Singular in its purpose, Waves’ new plugin effect generates sub-harmonic signals based on the dynamic and tonal characteristics of the input signal.
The most obvious source candidates for Submarine, (VST/AU/AAX) are basslines and kick drums, but anything below 240Hz that needs underpinning with low-end energy is potentially viable.
Below the surface
To be clear, Submarine isn’t an octaver, simply duplicating the input signal at a lower register through pitchshifting, or an analogue-style synth tracking the input’s pitch but generating an entirely independent signal. In fact, it’s somewhere between the two. The subs are created using Waves’ Organic ReSynthesis engine (ORS), which deconstructs the input and resynthesises it in terms of four sonic elements: carrier, pitch, formant and envelope. Two subs are generated in parallel, the first an octave below the input, the second two octaves below.
Putting the plugin to work is a quick and easy process. The first thing to do is turn one or both Subs on and set the span of frequencies within the input signal that will trigger them by dragging the Min and Max Range sliders. With each of these at its most extreme position, full coverage is 20-240Hz, and by setting the Dry/ Wet Mix to 100% wet, it takes no time at all to narrow that down to the desired range.
Submarine is incredibly straightforward to use, but it’s also easy to go overboard with it, particularly if you’re monitoring through speakers incapable of actually reproducing everything it’s doing. If that describes your home studio setup, the importance of using a spectrum analyser with Submarine can’t be overstated - Sub -2 runs very low indeed, and guesswork really isn’t going to cut it.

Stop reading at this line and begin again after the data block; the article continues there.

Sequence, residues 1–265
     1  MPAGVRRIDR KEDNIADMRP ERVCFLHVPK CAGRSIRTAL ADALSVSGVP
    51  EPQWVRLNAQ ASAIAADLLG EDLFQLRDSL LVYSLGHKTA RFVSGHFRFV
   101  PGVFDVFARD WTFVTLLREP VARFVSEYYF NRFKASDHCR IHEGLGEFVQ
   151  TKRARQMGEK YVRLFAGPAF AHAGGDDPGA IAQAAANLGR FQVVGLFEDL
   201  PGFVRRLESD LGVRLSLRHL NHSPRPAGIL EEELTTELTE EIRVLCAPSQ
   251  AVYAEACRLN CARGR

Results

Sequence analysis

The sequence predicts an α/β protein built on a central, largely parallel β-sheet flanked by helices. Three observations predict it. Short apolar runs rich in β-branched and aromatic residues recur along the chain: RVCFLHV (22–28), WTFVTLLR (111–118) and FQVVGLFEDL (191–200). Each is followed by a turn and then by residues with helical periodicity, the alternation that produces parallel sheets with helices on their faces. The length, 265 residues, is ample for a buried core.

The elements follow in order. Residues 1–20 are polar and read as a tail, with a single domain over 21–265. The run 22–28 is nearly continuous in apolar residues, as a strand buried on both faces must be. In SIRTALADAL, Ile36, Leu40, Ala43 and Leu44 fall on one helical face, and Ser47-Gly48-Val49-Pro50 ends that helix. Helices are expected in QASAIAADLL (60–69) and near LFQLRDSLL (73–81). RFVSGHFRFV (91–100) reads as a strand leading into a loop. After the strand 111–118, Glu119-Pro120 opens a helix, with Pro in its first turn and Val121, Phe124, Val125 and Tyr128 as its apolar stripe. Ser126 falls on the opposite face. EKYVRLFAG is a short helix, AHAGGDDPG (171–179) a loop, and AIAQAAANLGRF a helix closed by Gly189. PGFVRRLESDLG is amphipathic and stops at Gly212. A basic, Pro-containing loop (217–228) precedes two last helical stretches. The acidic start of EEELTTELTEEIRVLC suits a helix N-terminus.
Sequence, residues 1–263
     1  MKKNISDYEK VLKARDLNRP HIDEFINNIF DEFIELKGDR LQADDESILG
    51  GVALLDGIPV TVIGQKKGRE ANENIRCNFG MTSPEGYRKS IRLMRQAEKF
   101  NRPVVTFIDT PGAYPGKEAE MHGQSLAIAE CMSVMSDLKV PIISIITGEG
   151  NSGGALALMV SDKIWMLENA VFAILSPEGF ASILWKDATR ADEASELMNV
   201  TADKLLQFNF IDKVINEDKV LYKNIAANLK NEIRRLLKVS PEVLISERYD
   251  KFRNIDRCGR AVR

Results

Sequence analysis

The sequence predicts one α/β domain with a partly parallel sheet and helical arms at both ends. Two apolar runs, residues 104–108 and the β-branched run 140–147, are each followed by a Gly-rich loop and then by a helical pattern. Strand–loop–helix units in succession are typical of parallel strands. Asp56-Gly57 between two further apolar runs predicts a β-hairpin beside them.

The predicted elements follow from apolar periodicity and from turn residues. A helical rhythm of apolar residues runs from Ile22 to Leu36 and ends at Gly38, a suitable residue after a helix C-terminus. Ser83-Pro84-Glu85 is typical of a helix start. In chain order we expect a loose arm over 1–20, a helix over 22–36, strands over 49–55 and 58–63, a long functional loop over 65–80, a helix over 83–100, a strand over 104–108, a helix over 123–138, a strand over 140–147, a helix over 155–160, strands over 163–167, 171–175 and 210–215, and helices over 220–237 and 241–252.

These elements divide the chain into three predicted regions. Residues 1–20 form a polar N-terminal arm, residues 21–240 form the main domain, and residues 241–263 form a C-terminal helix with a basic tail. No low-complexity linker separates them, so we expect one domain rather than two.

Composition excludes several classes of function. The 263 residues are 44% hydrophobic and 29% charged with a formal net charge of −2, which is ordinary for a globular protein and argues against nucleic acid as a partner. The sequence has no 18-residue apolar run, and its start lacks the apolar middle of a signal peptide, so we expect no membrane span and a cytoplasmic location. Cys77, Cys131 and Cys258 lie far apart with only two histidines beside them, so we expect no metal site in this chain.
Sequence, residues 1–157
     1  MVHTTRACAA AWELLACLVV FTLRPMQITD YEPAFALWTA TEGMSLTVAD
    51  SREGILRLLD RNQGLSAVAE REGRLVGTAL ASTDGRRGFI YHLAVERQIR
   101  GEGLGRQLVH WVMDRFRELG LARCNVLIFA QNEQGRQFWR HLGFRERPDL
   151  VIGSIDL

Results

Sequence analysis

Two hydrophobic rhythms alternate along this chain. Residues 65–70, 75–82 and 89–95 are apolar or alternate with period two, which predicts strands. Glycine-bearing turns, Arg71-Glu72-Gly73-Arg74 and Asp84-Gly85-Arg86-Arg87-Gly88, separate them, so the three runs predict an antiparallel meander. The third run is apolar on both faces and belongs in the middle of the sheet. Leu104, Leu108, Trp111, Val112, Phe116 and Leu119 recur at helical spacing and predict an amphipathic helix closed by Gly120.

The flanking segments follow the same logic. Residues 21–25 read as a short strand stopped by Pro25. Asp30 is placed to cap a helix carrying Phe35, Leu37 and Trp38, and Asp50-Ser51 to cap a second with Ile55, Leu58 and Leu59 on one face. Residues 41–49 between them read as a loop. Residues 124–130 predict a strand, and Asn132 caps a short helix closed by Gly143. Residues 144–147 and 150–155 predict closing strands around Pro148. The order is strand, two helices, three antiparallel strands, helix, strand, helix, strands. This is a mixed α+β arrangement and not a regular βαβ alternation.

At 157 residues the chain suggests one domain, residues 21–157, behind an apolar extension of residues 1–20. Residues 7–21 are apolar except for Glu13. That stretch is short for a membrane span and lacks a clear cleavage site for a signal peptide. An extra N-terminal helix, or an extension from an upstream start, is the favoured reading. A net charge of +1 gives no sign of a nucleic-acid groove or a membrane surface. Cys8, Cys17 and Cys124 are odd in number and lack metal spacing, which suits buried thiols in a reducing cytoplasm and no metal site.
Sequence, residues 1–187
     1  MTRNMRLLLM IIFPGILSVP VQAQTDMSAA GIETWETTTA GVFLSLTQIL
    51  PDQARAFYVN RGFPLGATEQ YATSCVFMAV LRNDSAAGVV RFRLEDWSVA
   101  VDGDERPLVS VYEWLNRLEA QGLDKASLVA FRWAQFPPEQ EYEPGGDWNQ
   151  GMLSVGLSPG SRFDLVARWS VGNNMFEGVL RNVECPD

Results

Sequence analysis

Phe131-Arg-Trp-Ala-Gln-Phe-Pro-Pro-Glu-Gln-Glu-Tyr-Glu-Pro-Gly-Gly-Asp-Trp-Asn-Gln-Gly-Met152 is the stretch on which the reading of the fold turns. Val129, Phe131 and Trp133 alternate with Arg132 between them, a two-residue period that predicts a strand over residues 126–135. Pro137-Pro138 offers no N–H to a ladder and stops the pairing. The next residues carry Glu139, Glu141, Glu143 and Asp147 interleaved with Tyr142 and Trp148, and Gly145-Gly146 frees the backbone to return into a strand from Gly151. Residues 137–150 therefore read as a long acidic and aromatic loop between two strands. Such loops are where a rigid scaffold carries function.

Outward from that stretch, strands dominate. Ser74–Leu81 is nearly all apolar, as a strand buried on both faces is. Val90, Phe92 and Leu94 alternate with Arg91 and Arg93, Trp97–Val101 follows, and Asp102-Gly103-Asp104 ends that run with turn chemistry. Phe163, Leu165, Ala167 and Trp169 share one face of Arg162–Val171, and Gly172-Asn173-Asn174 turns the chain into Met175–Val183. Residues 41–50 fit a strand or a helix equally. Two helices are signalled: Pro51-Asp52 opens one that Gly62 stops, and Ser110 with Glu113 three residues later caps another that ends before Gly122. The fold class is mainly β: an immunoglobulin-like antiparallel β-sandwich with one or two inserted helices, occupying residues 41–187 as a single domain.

Also crucial to the quality of the end result is setting the Range sliders correctly. You should aim to capture all of the actual notes in your source instrument with Max and control the bottom frequencies of the subs with Min.
Finally, we’d strongly warn against using Submarine on more than one track at a time - or perhaps two if one is a kick drum, the other is a bass, and the two are either quite disparate in their frequency content and/or don’t hit at the same time. Sub bass frequencies soon build up...
From there, it’s just a matter of adjusting the level of each Sub with its groovy ‘sonar’-style knob to taste. Depending on the sound you’re bolstering and the speakers you intend it to be played back on, you may well find that Sub-2 is too low to be of any real use. That’s to be expected, as dropping bass-heavy sounds by two octaves is often ill-advised, but cinematic sound designers and producers of music likely to end up on big club systems will no doubt be champing at the bit.
Submarine doesn’t give you access to any of the resynthesis parameters at work under the hood, but there are three points of adjustment at the output. First, the stereo plugin (like all Waves effects, both mono and stereo versions are included) can be toggled to output the Subs in mono - ideal for keeping the wild stereo basslines that the kids are into these days in check. Then there’s the Drive control, which dials in harmonic distortion for rather splendid warming and presence-enhancement as it’s raised, culminating in a subtle increase in bite and edge; and a one-knob compressor (Dynamics) for increasing weight and sustain.
Thanks, presumably, to ORS, Submarine’s particular style of additive sub-harmonic conjuration sounds amazingly natural and cohesive - like a very specifically filtered version of the source material. Given the simplicity of the Sub signals, there’s not a great deal that could realistically be added to the interface beyond the Drive and Dynamics controls, but an input-triggered amp envelope and a bit of post- Drive EQ could have proved handy. That’s a very minor complaint, though, and certainly not one to dwell on.
With its focused, instantly effective workflow and sound, Submarine is a formidable low-frequency weapon for dance music producers and sound designers.